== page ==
Book Chat: books I won’t read

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Today, I am going to talk about some books I won’t read. A couple of months ago, I created a ‘not interested’ shelf on Goodreads (you can have a look at that shelf here). Its purpose is to keep track of problematic books, which I therefore won’t read. Since there are already over twenty books on that shelf, I won’t discuss them all today. I decided I’m going to talk about the most well-known ones and will hopefully be able to convince you why you shouldn’t support these authors or books either.

If you want to read these books for yourself because you refuse to believe what others have said: I don’t care. I’ve made up my mind that I won’t read these books, so don’t try to convince me that I should.

Anyway, let’s get started! These are in no particular order.

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Love Is Love: a comic book anthology to benefit the survivors of the Orlando Pulse shooting

Love Is Love is a comic book anthology dedicated to the victims and survivors of the Orlando Pulse shooting and the LGBTQ community. That sounds great, so at first, I was very interested in reading this. Unfortunately, this anthology was written by and for allo cis straight people, instead of the audience it’s supposed to be aimed at. Love is Love is an absolute mess: it’s is trans-, bi- and aphobic and much more and therefore fails to honour the victims of the shooting.

Make sure to read Mason’s and Leah’s reviews for more in-depth information.

The Graces by Laure Eve

The Graces has received a lot of mixed reviews on Goodreads. While a lot of readers complain that this book is cliché and dull, The Bookavid seems to be the only one who discusses the blatant racism, misogyny, ableism, homophobia and biphobia. Niral, the antagonist in this book is the only person of colour. She spreads a rumour that a side-character is a lesbian, because in this book, that’s apparently a horrible thing to be.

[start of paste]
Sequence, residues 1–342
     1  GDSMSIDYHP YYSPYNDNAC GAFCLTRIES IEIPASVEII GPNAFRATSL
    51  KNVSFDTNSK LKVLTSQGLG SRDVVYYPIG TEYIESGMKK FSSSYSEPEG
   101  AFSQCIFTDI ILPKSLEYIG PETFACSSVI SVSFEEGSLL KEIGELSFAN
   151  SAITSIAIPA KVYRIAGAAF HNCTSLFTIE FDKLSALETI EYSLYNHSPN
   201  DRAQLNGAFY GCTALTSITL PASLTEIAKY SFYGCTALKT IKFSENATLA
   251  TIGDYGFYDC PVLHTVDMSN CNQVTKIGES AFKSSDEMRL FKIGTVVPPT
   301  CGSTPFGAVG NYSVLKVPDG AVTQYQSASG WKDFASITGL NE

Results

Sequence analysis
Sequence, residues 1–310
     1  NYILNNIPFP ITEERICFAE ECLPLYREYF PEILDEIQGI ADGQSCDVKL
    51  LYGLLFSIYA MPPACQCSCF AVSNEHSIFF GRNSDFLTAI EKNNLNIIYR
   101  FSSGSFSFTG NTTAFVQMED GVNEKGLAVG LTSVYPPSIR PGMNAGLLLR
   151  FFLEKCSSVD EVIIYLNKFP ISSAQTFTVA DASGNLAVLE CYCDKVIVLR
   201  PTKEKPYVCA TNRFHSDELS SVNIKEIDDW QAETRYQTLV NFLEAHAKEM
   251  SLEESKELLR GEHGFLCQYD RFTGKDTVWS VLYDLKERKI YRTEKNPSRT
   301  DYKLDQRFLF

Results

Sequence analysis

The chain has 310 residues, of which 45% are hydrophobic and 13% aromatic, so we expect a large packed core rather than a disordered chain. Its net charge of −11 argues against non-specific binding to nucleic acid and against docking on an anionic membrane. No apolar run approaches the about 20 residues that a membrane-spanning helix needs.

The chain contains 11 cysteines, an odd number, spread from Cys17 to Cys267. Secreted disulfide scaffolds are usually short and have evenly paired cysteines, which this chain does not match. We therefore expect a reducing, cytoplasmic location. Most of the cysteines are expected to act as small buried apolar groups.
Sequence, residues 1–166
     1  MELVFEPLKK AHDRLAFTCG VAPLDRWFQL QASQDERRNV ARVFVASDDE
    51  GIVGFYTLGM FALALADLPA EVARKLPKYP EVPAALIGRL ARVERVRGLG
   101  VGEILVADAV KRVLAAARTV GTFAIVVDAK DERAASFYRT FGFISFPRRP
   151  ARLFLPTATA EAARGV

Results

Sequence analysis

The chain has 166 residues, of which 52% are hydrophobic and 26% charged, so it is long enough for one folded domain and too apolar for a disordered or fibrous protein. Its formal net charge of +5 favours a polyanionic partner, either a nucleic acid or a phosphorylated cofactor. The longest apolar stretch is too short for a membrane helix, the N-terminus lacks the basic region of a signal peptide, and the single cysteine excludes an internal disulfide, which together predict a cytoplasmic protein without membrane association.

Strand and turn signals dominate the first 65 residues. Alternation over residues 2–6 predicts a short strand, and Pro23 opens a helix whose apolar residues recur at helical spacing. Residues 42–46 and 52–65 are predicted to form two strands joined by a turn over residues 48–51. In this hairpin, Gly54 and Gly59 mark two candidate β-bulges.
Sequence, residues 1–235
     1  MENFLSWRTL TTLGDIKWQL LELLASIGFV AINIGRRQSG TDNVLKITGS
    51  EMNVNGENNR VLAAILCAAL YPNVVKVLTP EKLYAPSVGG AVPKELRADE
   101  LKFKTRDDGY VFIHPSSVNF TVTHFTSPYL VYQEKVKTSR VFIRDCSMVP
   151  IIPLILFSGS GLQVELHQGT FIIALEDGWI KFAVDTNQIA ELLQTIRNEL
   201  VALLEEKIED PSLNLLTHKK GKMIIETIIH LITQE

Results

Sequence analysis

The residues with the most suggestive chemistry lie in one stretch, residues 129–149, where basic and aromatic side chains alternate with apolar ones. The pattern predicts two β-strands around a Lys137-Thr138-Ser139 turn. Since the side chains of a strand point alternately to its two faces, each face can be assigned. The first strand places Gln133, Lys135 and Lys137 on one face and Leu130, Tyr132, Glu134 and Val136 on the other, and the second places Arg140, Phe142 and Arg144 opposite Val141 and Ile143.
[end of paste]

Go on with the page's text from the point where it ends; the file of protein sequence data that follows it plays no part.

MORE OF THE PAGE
I could go on, but you should read The Bookavid’s review instead.

The Color Project by Sierra Abrams

I won’t read The Color Project because of the author. Sierra Abrams made a Twitter thread last year in which she discussed how platonic friendships are much more important than queer representation. She refused to accept that her favourite book series queer-baits and said that people shouldn’t headcanon characters as queer because once a male character has been with a woman, according to Abrams, they can only be heterosexual and certainly not bisexual.  She even said that Adam Parrish from the Raven Cycle was straight in the first book, which is incredibly biphobic.